1. Evaluate operational readiness and vendor contracts: Plans should evaluate system and operational readiness to identify unused benefits. They also should evaluate vendor contracts to ensure supplemental benefit vendor partners are accountable for tracking and sharing enrollee utilization data on an ongoing basis.
  2. Establish an operational plan for mid-year reporting requirements: Based on the outcome of the readiness assessment, MAOs should establish an operating plan to ensure that the reporting requirements are implemented. This cross-functional operational plan must account for the flow of information from each vendor, analytics to determine benefit use, and member-facing reporting/communication.
  3. Align benefits to member needs and product: Rather than trying to offer all benefits in any one product, MAOs should ensure that they have a clear understanding of each product’s target demographic to inform which benefits are more valuable for a given member cohort. This alignment will result in different benefit strategies for HMO vs. PPO and D-SNP vs. C-SNP. It will also allow MAOs to reduce the administrative burden and avoid spending on benefits that are less valuable to a given population.
  4. Analyze benefits’ value proposition: Given margin pressures facing plans and the operational burden from reporting requirements, MAOs need a clear understanding of the value derived from various supplemental benefits so they can rationalize the product portfolio. MAOs should take a data-driven approach to understand the value that each supplemental benefit delivers to the plan’s membership (e.g., improved health outcomes, medical cost reduction, increased member satisfaction, and retention). Results from this value proposition analysis can support the rationalization of benefits and alignment of benefits to select member populations and ensure benefits are deployed in the most beneficial and cost-effective manner.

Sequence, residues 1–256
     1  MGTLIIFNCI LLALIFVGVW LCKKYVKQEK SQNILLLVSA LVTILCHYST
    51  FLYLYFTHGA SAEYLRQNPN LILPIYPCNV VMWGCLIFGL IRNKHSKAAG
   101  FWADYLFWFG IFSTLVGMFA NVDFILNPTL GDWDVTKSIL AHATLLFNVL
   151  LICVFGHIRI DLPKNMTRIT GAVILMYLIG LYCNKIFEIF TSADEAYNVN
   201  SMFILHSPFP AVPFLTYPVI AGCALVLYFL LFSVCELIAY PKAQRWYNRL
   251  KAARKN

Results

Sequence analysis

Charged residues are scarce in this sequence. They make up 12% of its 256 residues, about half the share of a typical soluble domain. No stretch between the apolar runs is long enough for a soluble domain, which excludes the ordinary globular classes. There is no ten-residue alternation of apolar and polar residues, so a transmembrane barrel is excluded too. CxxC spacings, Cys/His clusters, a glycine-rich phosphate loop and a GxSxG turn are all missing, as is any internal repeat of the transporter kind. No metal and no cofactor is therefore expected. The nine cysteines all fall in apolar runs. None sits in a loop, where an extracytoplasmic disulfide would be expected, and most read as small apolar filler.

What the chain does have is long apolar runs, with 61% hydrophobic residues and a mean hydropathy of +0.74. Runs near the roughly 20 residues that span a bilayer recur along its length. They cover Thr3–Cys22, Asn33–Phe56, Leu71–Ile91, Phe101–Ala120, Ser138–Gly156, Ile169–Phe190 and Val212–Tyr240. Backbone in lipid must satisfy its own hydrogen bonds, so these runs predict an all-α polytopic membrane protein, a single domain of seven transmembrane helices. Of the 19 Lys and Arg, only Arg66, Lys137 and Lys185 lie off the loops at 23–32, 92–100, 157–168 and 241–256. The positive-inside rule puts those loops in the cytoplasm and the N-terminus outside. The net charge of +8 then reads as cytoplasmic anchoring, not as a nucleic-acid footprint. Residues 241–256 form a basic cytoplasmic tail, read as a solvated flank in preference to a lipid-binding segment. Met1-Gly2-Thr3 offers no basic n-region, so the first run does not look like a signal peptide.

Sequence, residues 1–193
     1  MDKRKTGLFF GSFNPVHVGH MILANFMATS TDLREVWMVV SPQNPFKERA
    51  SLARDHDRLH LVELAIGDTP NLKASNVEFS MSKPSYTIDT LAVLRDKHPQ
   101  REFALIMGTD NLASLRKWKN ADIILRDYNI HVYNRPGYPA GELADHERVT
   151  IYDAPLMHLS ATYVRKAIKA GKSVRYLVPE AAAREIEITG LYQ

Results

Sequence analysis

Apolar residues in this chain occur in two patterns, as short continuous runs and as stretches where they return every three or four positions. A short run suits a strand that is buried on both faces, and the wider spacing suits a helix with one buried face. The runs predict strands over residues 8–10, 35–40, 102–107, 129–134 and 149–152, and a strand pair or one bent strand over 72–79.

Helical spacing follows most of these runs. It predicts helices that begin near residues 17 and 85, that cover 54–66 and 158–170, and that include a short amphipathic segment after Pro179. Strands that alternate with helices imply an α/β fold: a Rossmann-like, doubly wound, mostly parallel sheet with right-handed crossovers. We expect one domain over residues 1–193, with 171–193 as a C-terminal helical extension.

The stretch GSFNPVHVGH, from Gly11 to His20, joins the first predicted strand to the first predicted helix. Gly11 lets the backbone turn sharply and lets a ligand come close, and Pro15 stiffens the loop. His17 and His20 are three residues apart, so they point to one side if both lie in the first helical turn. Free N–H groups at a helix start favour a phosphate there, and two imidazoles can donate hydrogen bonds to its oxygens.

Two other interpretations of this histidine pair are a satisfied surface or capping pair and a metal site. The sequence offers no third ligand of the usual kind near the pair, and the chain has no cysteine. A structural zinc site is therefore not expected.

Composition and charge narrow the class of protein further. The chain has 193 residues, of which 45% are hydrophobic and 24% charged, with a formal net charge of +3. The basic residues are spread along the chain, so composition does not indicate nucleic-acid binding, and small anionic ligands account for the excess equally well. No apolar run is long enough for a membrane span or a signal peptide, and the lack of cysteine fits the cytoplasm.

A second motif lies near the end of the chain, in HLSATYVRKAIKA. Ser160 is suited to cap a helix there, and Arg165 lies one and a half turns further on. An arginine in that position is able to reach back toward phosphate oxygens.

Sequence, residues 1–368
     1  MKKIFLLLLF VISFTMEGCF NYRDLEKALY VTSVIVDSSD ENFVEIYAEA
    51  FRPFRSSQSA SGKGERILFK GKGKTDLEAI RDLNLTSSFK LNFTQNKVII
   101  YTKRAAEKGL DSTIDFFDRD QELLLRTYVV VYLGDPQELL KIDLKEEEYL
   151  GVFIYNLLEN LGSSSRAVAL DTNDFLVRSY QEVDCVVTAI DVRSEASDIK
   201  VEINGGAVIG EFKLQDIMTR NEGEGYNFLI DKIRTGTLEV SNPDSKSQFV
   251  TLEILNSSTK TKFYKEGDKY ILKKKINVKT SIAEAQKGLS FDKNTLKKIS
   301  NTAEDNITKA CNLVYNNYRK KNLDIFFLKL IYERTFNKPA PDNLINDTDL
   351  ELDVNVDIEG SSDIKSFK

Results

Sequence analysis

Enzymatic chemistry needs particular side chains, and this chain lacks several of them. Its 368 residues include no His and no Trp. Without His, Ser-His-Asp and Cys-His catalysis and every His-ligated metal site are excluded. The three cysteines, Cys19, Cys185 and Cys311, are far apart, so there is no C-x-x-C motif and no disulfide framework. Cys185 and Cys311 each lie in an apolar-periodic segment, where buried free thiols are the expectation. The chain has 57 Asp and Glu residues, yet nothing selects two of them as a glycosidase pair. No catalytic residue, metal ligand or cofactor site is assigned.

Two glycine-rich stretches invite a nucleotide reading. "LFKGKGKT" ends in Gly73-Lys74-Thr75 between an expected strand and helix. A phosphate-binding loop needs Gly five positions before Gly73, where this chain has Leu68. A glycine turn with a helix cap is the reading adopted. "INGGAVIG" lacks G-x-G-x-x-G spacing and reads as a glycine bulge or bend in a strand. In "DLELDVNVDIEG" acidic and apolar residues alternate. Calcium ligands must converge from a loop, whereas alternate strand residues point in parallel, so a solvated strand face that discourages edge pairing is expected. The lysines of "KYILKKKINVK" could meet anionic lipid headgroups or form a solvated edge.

SSBCI evidence

  1. Capture SSBCI evidence for targeted clinical conditions: MAOs should coordinate with vendor, provider, and other plan partners to gather health improvement evidence from credible resources, establish an evidence-based library to support offered benefits and services, and implement ongoing maintenance protocols.
  2. Establish member transparency: To avoid any member confusion, plans must refresh their member communication strategy and tactics. The goal should be to effectively communicate SSBCI eligibility requirements and limitations across all channels and clarify how to access unused benefits.

What Should Supplemental Benefit Vendors Do?

  1. Communicate knowledge and compliance with requirements: Based on this impact assessment, supplemental benefit vendors can proactively communicate their intended response to address these requirements rather than reacting to multiple (and likely varying) health plan requests.